Myanmar economy loosing steam, reforms urgently needed

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Myanmar, until recently perceived as the new tiger cub success story of Southeast Asia after the country’s “soft opening” in 2011 under then-president Thein Sein, is increasingly struggling with slowing economic growth and swelling fiscal and current account deficits in the past two years under the National League for Democracy government of former democracy icon Aung San Suu Kyi.

Myanmar’s fiscal deficit has substantially increased to 4.8 per cent of GDP in the country’s 2016-17 fiscal year from 3.2 per cent in 2015-16. The fiscal deficit was 1.2 per cent of GDP in 2014-15 under the former Union Solidarity and Development Party government of Thein Sein.

If growth slows further, Myanmar’s fiscal deficit could increase beyond 5 per cent of GDP, the limit set by the International Monetary Fund for a country’s economic health. This leaves the current government with a very narrow leeway to increase spending and implement the promised reforms in education, healthcare and infrastructure.

Another problem is Myanmar’s weakening currency, the kyat, which has led to a drop in value of exports in US dollar terms and thus to a rising trade deficit. In 2016-17, Myanmar’s trade deficit stood at around $5.5 billion, with exports lagging behind imports at $11.6 billion and $17.2 billion, respectively, data from the Ministry of Commerce shows. In comparison, the trade deficit stood at $5.4 billion in 2015-16 and $4.9 billion in 2014-15.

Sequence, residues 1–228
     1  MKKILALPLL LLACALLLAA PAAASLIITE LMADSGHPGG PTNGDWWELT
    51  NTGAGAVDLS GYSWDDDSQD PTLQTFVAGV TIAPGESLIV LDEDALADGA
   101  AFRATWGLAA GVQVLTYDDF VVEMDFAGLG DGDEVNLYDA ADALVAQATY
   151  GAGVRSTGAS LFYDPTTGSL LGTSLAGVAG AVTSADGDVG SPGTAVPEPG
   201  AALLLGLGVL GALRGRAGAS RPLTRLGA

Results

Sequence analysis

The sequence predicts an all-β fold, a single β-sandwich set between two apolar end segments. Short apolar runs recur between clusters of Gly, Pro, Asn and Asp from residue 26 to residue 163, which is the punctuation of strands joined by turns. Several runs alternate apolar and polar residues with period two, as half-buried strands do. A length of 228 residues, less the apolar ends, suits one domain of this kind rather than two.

Foreign direct investments under the new government have also fallen. In 2016-17, foreign direct investments totaled some $7 billion, down from more than $9 billion in the previous year. Many investors are reportedly on the sidelines waiting for clues about the economic road map of Suu Kyi’s government.

Meanwhile, the Union of Myanmar Federation of Chambers of Commerce and Industry acknowledged that Myanmar’s economy needs a boost and suggested reforms such as the amendment of custom duty and tax regulations, the improvement of bureaucratic procedures and reduction of various barriers for businesses, as well as better control of exchange rate and inflation by laying down a clear framework for monetary and fiscal policy, actions that the current government stands accused of having delayed for too long.